A recent report by the Black Lives in Music initiative has found that six in every 10 black music creators have experienced racial prejudice, while 86% say they have faced obstacles to moving forward in the industry because of their race. They also earn less per month than their white colleagues. The survey, the largest ever of its kind, was complete in the UK, but the problems it details are present in the U.S. too, with Rolling Stone recently declaring that “The music industry was based on racism,” and that changing this phenomenon would take much more than simply asking for donations.
Profiting Off Black Art
In the U.S., a myriad of white-run companies continue to profit off the work of black creators. While dramatic, immediate change is impossible, it would be helpful, for instance, if these companies set aside a fund for the black community to use in the ways that were most needed. Being a musician or band and setting up a studio involves considerable expense and those who dedicate themselves full-time to music. As stated by insurance experts https://cerity.com/, for instance, bands can need coverage such as liability insurance to cover any possible damage caused to a venue as well as any medical bills, compensation, and the like, that may arise. Musicians can cut costs by opting for small business insurance, applying to become an LLC to receive beneficial tax treatment and more. These are just two of a myriad of costs involved with going pro, which is why a fund for black artists would be a lifesaver for many struggling professionals.
Hostile Working Environments Abound
The problems faced by black musicians and POC in the industry are not only limited to the exploitation of their art. The Black Lives in Music Initiative report indicated that discrimination and racist treatment were also rife. For instance, some people surveyed reported having to ask other artists to refrain from using the ‘N’ word while others said they were the butt of one too many jokes about their skin color. Yet others said they were persistently asked about their ‘country of origin’. X Factor 2008 winner Alexandra Burke, for instance, said that she was advised to bleach her skin and that she was told she would have to work considerably harder to make it than white artists. Little Mix singer Leigh-Anne Pinnock, meanwhile, said that she felt that she had been asked to join the band as the ‘token black girl’ and that she actually felt invisible at events.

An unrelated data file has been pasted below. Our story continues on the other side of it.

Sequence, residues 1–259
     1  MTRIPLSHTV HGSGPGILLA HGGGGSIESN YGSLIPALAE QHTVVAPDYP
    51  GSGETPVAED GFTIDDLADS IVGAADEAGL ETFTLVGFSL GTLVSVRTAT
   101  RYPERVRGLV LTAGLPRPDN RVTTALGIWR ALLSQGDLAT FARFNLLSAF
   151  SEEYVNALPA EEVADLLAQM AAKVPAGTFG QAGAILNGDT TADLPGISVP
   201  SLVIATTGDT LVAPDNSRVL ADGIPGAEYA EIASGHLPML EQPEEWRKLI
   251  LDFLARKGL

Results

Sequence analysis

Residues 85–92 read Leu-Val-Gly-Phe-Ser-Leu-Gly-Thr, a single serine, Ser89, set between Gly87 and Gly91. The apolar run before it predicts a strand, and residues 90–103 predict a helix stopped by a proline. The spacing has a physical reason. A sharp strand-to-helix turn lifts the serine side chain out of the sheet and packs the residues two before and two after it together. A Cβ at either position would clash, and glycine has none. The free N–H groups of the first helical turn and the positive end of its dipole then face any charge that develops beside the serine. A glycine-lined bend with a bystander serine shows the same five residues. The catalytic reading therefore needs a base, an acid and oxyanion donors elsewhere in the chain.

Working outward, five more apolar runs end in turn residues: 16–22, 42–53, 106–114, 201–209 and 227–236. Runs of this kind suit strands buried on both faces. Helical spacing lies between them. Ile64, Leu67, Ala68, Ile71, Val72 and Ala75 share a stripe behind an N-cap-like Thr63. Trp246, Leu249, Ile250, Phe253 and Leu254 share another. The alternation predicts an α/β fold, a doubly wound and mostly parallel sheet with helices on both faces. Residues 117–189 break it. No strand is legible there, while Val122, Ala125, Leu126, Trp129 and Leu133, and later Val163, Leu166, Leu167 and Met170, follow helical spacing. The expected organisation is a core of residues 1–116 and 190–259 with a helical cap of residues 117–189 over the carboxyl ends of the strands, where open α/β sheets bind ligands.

Change is Needed
Record labels need to seriously improve their record when it comes to ending discrimination. As reported by the BBC, since the death of George Floyd, many labels and groups have pledged grants and made other donations to help black artists. They have also let go of the word ‘urban’ to describe their music. Record label BMG, meanwhile, has reviewed its back catalogue, finding that black artists earned substantially lower royalties. They pledged to take measures to benefit the artists who earned the least in all the company’s catalogues.
It is time for the music industry to make a change. Black artists not only earn less but also have to face discriminatory behavior in their working lives. Labels should aim not only to ensure pay for black artists is fair but also embrace diversity and inclusion policies so as to make better decisions with a view to creating workplaces that are free of discrimination.